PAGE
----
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Wizards sail by Timberwolves 109-95

John Wall dazzles as Washington has little trouble downing Minnesota.

Rob Carr/Getty Images

Flip Saunders knows John Wall pretty well. So when Wall opened up the Wizards' night against the Wolves with 5 points and 6 assists in the first six minutes, you have to believe that deep down inside, Flip knew the game was basically over already.

Saunders was Wall's first NBA coach, back in 2010 when Wall was just an excitable kid out of Kentucky and Saunders was trying figure out the impossible: how to get past Gilbert Arenas going Hell on Wheels on his locker room, leaving him with a team built around the infamous trio of Andray Blatche, JaVale McGee, and Nick Young (pre-Swaggy) He latched onto Wall, both because Wall showed potential to be very very good, and also just for his own sanity, and Wall didn't disappoint, averaging 16 points and 8 assists as a rookie.

Saunders has a way with point guards. He got Stephon Marbury's career going. He got John Wall's career going. He got Rubio to show some very positive improvement before dem ankles, and he's hoping to get the same out of Zach LaVine now.

So it has to be a little rough for him to watch Fliprotegee Randy Wittman guiding the Wizards to a fantastic start to the year...fueled by borderline-MVP play from Wall...while the Wolves struggle to keep pace with the Lakers and Knicks because Rubio is in a suit and tie. Of all the worst-case possibilities, a no-point-guard scenario has to be about the worst on Saunders' list. He's a point guard coach. He runs a point guard's offense. Having a team run by a rookie who played basically no point guard in college...backed up by a small forward who's handling mishaps are the stuff of NBA his endless staircase.

The game summary for this one is really simple: John Wall is too good. That's it, that's all there is too it. John Wall is too fast, too sharp, too smart, too.....good. The Wolves don't have much of a defense to begin with, but give a guy with Wall's speed and precision...who's finally learned how to control it...a free run and it's over. Game's done; go home.

Wall scored 21 and tied his career high in assists with 17. He is now the sole league leader in both assists/game and assist% (he had been in a tie with Rondo before tonight) With everyone caught up in Steph Curry's shooting and Derrick Rose's comeback, John Wall is flying way under the radar, and undeservedly so. John Wall leads the league in assists. Let me say that again: John Wall leads the entire NBA in assists. That includes Rondo and Chris Paul.

Granted, tonight the Wolves made his job extra easy. Our defense was a comedic tragedy tonight, regularly losing Gortat right under the basket (how do you lose a 7'1" man who's standing literally right under the hoop? More than once???) and declined to close out on their shooters, particularly Rasual Butler (who I'm ecstatic for, FYI. He never should have been left out of the league) Googles gets made about Wittman following in the steps of Flip's notoriously midrange playbook, and well.....tonight's shot chart is not going to make you #3Gate-rs happy.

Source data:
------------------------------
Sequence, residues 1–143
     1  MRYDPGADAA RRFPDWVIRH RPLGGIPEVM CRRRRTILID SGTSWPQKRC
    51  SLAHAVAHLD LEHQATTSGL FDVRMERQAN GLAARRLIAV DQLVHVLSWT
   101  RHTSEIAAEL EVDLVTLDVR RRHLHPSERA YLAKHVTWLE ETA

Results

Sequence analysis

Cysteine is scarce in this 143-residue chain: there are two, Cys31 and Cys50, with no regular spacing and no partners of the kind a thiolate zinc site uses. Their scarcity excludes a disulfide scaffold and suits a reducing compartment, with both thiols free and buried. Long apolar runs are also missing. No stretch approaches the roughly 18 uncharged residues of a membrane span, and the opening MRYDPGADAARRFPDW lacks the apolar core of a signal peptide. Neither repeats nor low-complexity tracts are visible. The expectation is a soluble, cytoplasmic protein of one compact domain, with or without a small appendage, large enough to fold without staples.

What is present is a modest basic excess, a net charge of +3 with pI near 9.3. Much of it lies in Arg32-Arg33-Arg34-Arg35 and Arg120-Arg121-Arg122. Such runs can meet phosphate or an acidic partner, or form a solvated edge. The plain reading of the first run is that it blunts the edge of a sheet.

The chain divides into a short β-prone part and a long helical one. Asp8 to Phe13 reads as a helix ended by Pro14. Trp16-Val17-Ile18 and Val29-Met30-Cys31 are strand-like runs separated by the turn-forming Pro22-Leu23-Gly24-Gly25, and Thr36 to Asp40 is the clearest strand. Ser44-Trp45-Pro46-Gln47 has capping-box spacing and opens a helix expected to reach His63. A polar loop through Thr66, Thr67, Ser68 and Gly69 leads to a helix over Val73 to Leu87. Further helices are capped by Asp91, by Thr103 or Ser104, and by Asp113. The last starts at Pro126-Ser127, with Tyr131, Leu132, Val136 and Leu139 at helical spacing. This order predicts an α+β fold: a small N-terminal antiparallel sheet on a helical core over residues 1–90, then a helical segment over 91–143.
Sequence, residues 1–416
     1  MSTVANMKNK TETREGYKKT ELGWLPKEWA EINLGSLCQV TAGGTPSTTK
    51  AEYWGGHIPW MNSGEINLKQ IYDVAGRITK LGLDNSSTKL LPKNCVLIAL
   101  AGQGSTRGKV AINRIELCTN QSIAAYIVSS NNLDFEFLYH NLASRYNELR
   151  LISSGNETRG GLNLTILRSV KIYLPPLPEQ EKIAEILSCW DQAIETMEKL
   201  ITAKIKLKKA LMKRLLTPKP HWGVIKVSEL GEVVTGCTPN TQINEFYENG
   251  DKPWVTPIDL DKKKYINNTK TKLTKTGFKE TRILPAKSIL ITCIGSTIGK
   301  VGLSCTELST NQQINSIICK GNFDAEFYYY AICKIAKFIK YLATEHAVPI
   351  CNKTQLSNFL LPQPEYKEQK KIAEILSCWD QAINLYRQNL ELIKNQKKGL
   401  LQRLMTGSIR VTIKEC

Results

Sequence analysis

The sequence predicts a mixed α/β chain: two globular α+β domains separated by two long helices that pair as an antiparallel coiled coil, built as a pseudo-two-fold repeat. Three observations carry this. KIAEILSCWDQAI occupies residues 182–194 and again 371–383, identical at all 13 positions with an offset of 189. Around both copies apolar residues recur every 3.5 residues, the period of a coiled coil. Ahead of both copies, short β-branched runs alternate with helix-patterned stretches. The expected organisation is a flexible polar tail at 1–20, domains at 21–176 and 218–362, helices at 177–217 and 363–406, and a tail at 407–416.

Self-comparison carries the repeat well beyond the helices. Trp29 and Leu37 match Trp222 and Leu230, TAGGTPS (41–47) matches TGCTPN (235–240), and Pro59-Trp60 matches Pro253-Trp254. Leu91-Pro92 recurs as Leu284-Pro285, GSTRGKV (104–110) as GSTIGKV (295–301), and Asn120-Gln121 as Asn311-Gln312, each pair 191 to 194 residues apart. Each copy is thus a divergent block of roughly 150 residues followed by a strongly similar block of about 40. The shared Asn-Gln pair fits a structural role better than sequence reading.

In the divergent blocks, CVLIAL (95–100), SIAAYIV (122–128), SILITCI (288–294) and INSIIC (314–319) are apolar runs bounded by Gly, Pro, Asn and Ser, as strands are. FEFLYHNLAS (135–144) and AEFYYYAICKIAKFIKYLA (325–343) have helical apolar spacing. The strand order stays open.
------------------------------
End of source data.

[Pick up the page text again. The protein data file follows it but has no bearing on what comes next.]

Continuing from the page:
It's a question we chase over and over here on Hoopus because the truth is, the answer is simple. Even Witt seemingly has adjusted for his personnel. He's got one of the best passing point guards in Optimus Dime, and has had the rest of the roster filled out with a great roll man in Gortat and 3pt shooters in Beal, Pierce, Porter, Butler, etc. At a certain point, you have to just accept what is and plan accordingly.

Every team except New York runs some subset of the pick and roll. The floor is built for it. The rules are conducive to it. A point guard with vision, paired with a mobile big, with the rest of the floor spaced out by shooters waiting for kickouts. There's really not a reason to make it more complicated than that, and the Wizards were a case study in it tonight. John Wall made running an NBA level offense look like junior high JV stuff. Without Rubio, the Wolves simply don't have an answer for that.

Random Notes:

1. After a miserable first half, Thad Young came out in the third quarter and nearly torched the Verizon Center to the ground. 19 points on a perfect 9-9 from the field. He's been really struggling to find the range since returning from his mother passing (understandably so) This was the kind of game that reminds you why Flip fought so hard to have him included in the summer's big trade.

2. Shabazz scored 21 points in 28 minutes, bringing his double-digit scoring streak up to 7 games. Without a real point guard to dictate the offense, Bazz's low post left hook is about the only consistent scoring the Wolves can get right now. He's not dependent on a setup to get points. He practically hustles his way into them. He should be playing more, but if he's playing hurt...

3. Jeff Adrien is too good for garbage minutes, He needs to be on the floor a LOT more. Adrien is giving the Wolves low post defense, rebounding and toughness they need but aren't getting from Gorgui right now.

4. I love Ronny, so I feel guilty advocating this, but if he's done for the year, the Wolves need to waive him and either lock up Adrien for the rest of the season, or find a point guard to hold the fort down. Ideally, they move Chase or Corey and do both.

5. Andre Miller. I love you, man